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Custer Feldspar

Potash Feldspar

Alternate Names: Custer Spar

OxideAnalysisFormula
CaO0.30%0.033
K2O10.00%0.664
Na2O3.00%0.303
Al2O317.00%1.042
SiO268.50%7.128
Fe2O30.10%0.004
LOI0.30
Oxide Weight618.54
Formula Weight620.40
If this formula is not unified correctly please contact us.
DENS - Density (Specific Gravity)
Sp VAL
1 2.6
SIEV - Sieve Analysis 35-325 Wet
Sp TOT 35M 48M 65M 100M 150M 200M 325M NOTE
1 100           0.3% (0.5% max) 4% (5% max)  
pHPW - pH for dry powder
Sp Valu
1 8.0

This is one of the main feldspars used in the ceramic industry in North America. It is used in industries such as abrasives, sanitary ware, floor and wall tile, dinnerware, pottery, and electrical porcelain. It is a ceramic grade, high potash feldspar and is available in crude, 200, 325 mesh and chip form.

Since 2012 we have been getting independent reports of a reduction in the potash content (below that stated on the data sheet). Traditionally Pacer, the manufacturer, has reported it as around 10% (as is shown in the chemistry given here, and from their online data sheet). However Ron Roy claims that, from his independent analysis of specimens over time, around the year 2000 the K2O content dropped to about 7.5 (with no accompanying change in the Na2O). Pacer disputes this. The chemical analyses they provide with individual shipments of material continue to report K2O, Na2O and Fe2O3 levels at quite similar to those stated on their data sheet. Additionally, they have a page on their website named "Clarification of Custer Feldspar Chemical Composition Data" in which they claim their analysis is, and has been, accurate.

As with any feldspar, production users should be vigilant to do sieve analysis testing to spot any iron bearing particles in the plus 100 mesh range.


Feldspars, the primary high temperature flux, melt less than you think.

Feldspars, the primary high temperature flux, melt less than you think.

A cone 8 comparative flow tests of Custer, G-200 and i-minerals high soda and high potassium feldspars. Notice how little the pure materials are moving (bottom), even though they are fired to cone 11. In addition, the sodium feldspars move better than the potassium ones. But feldspars do their real fluxing work when they can interact with other materials. Notice how well they flow with only 10% frit added (top), even though they are being fired three cones lower.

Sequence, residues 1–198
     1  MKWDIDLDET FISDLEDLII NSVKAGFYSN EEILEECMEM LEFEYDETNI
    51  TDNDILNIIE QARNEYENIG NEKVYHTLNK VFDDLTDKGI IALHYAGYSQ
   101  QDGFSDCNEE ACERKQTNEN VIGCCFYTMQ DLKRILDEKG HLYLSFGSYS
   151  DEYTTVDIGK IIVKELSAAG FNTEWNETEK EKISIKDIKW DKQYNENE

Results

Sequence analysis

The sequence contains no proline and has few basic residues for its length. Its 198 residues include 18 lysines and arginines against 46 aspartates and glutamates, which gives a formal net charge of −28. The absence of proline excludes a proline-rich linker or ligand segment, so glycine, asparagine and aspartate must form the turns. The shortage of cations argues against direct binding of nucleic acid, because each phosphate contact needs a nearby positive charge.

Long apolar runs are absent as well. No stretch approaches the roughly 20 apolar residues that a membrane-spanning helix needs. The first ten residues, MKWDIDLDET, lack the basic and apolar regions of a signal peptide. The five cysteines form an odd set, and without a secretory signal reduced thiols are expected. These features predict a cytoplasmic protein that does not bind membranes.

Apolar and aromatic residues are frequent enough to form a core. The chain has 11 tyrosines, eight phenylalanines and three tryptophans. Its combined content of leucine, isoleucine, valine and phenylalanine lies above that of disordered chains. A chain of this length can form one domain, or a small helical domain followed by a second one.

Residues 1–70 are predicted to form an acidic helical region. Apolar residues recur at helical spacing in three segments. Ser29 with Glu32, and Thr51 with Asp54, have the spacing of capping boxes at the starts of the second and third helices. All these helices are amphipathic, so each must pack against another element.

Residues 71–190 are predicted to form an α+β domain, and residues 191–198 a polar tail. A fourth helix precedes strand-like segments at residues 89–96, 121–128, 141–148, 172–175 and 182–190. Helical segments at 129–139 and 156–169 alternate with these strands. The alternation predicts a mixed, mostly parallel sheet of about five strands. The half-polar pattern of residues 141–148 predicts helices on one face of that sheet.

Comparing the melt fluidity of two shipments of Custer Feldspar

Comparing the melt fluidity of two shipments of Custer Feldspar

Melt flow test comparing Custer Feldspar from Feb/2012 (right) with Mar/2011. Custer Feldspar does not melt like this by itself at cone 10. It was mixed 80:20 Feldspar:Ferro Frit 3134. This test demonstrates that the material has been very consistent between these two shipments.

Out Bound Links

In Bound Links


By Tony Hansen

XML for Import into INSIGHT

<?xml version="1.0" encoding="UTF-8"?> <material name="Custer Feldspar" descrip="Potash Feldspar" searchkey="Custer Spar" loi="0.00" casnumber="12168-80-8"> <oxides> <oxide symbol="CaO" name="Calcium Oxide, Calcia" status="" percent="0.300" tolerance=""/> <oxide symbol="K2O" name="Potassium Oxide" status="" percent="10.000" tolerance=""/> <oxide symbol="Na2O" name="Sodium Oxide, Soda" status="" percent="3.000" tolerance=""/> <oxide symbol="Al2O3" name="Aluminum Oxide, Alumina" status="" percent="17.000" tolerance="16.5 min"/> <oxide symbol="SiO2" name="Silicon Dioxide, Silica" status="" percent="68.500" tolerance=""/> <oxide symbol="Fe2O3" name="Iron Oxide, Ferric Oxide" status="" percent="0.100" tolerance="0.05"/> </oxides> <volatiles> <volatile symbol="LOI" name="Loss on Ignition" percent="0.300" tolerance=""/> </volatiles> </material>


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